Concerning vocalists it depends on who’s is touring Europe for Jamaican singers. Sometimes a brotha give mi a call and says for example « Fred ! Ranking Joe is by my studio in UK have you got a riddim and do you want to record a tune ? ». Sometimes I met vocalists around the world when I play live. Sometimes I contact them on internet just because I really apprecilove their voice since years. Sometimes I exchange some studio work with a vocal. There’s no rule. I’m close to many others producers in the world and we are always in contact: Steve Vibronics, Roberto Sanchez Lone Ark… We share the same passion and view ’bout dub & reggae music. It’s a small world!
Is there a local scene where you live? Please describe.
There’s absolutely no local dub & reggae scene where I live ! I live on a hill west south France as I told you. There’s a very small village with 300 inhabitants down my hill. The biggest town is 25000 people, it’s 25 kilometers far from my house ! There are a few pop or rock or blues bands that’s all ! Some youths are into dubstep or electro music.
Reggae is very international, how do you feel about its influence around the world?
Reggae music is outernational of course. It’s amazing how a small island like Jamaica created a so popular music known everywhere in the world. There’s some good reggae music coming from everywhere in the world. I like traveling and I notice that reggae music is a real strong link with everybody. It’s a music with conscious lyrics written by sufferers. In Africa people feel closed to reggae music. Robert Nesta Marley was like an ambassador he popularized reggae everywhere in the world. It’s a nice feeling according to my opinion to talk and hear ’bout reggae music everywhere in the world. I love it.
Is the message of peace and love still strong in reggae?
Of course this message is still strong. It’s one of the most important ting. Reggae music can’t exist without this message. Never give up in this world of disorder and war where a lot of people don’t know their neighbor. It’s a world of individualism and selfishness where money and bizness rule. We should try to find different way of life. Harmony and respect with nature. Personally I try to chose who I want to support when I buy someting for example.
Love is the answer as peace and education. Each one teach one.
Too many lyrics written ’bout it : « Faith can move mountains / Twinkle brothers »…
What is your opinion of the music coming from Jamaica now? Has it lost its soul?
I went to Jamaica 3 years ago for the last time. I love this island it’s a really beautiful place. Really nice people. Reggae is everywhere every time. From rocksteady to dancehall. Veteran singers like Tony Tuff or Trevor Junior I produced do not record a lot of tunes in Kingston. They work with European or USA producers. Some of dem emigrated to USA like Carlton Livingston or to UK like Earl Sixteen. Actually the youths in Jamaica are looking to USA for music. They are more into hip hop and dancehall even if there’s still some cultural rootical producers in Jamaica. Actually Bushman or Luciano for example are really great singers with conscious lyrics. They do not forget what foundations are. Anotha important ting is there’s only one radio Irie FM in Kinsgton and if you want to be popular you should be played by this radio.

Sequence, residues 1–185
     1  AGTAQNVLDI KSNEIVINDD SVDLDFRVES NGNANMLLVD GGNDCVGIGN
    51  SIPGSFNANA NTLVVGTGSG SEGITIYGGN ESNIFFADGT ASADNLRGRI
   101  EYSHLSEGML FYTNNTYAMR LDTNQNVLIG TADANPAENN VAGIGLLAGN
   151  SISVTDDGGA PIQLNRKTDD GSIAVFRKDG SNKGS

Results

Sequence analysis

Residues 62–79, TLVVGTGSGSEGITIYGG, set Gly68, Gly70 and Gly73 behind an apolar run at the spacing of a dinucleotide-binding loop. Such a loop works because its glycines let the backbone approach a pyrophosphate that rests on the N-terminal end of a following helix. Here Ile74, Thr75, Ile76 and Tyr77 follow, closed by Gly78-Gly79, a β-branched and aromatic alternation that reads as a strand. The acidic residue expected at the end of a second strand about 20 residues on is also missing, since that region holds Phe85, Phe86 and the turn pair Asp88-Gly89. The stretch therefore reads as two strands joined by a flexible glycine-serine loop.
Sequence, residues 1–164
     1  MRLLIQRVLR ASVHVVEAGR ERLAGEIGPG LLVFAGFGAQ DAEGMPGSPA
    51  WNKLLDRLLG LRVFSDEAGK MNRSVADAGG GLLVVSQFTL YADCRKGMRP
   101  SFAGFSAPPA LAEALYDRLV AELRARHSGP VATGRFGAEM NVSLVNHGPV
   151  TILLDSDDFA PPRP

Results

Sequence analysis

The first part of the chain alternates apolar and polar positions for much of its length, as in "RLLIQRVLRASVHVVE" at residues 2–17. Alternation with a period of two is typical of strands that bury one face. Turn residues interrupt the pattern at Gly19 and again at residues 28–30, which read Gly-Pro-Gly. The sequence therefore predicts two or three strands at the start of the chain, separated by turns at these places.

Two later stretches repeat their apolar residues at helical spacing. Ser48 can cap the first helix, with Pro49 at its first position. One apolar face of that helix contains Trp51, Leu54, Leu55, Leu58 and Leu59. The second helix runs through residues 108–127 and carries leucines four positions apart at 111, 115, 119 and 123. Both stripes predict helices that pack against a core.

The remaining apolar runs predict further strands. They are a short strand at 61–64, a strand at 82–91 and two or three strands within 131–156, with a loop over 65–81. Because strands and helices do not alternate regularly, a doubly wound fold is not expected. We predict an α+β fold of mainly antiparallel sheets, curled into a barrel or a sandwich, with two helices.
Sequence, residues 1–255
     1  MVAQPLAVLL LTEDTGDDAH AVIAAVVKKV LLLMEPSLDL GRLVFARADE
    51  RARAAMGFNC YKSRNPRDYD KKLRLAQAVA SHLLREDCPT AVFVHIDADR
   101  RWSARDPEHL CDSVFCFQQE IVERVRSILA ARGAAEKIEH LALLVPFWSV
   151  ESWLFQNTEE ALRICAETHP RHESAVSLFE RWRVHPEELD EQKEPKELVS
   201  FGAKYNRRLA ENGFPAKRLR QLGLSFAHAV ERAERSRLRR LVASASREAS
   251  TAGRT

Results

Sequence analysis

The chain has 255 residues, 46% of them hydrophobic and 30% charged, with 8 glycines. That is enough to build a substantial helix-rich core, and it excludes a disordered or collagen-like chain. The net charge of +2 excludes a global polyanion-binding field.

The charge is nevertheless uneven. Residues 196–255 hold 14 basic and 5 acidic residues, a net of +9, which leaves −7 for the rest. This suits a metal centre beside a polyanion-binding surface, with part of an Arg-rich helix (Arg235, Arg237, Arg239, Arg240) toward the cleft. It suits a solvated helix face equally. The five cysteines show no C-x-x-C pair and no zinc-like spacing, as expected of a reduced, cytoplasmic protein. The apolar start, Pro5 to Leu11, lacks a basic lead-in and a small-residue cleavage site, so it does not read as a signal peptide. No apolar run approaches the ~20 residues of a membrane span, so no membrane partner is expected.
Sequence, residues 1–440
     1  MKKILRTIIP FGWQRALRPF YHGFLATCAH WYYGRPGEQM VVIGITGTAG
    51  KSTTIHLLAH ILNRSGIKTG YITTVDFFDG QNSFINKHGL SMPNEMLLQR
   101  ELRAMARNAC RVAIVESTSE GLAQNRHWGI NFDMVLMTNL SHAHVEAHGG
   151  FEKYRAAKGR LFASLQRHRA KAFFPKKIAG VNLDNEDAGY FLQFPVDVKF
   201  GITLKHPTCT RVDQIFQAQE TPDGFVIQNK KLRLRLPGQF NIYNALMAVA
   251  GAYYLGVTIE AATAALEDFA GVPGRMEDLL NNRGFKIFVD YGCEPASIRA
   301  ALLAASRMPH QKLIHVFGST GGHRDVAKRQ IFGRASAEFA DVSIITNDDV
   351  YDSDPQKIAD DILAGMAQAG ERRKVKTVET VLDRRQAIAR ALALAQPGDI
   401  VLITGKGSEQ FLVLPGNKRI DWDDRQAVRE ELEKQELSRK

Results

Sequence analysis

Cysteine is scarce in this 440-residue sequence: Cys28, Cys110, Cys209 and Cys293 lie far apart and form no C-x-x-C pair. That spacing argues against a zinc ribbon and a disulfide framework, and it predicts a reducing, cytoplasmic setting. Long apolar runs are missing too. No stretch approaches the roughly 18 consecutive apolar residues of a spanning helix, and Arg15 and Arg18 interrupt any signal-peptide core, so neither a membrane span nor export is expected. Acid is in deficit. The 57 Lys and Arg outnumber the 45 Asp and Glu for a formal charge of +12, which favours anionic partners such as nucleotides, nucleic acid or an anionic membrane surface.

Poverty and ghetto life mek some youths looking for success and easy money.
I’ve been to Rebel salute festival organised by Tony Rebel and veteran singers play between 5pm to 1 am like Courtney Melody, Horace Andy, Mykal Rose and then until 8 am it’s all ’bout dancehall stars Vibz Kartel, Elephant Man, Bounty killer.
It’s also very difficult to record some live musicians in Jamaica. Only a few recording studios like Harry J or Tuff Gong record some live riddims with instrumentists. Nowadays computers mek it cheaper. Money is one more time the barrier.
You utilize lyrics on most of your songs. How do these get created, who writes them?
Generally singers write dem lyrics. It’s part of dem job ! I ask for conscious lyrics if necessary. But it happened I wrote some. I wrote « Foundations» for Sista Syreen I produced on my TDSR10 vinyl 12 . I also wrote some for Anna our live session singer. I like it, writing lyrics is not a problem for mi.
Your style of reggae utilizes space, with deep bass and very harmonic vocals. It’s very listenable and appealing. What is your approach to creating this music?
This is roots rock reggae music. Deep bass, harmonic vocals. These are the foundations. Reverb and delay or echo help to create space as panoramic left/right. Arrangements are very important with percussion, melodies to emphasize some parts of the vocals, horns of course.
When the basic riddim is finished I record a singer and then it’s ’bout fineness.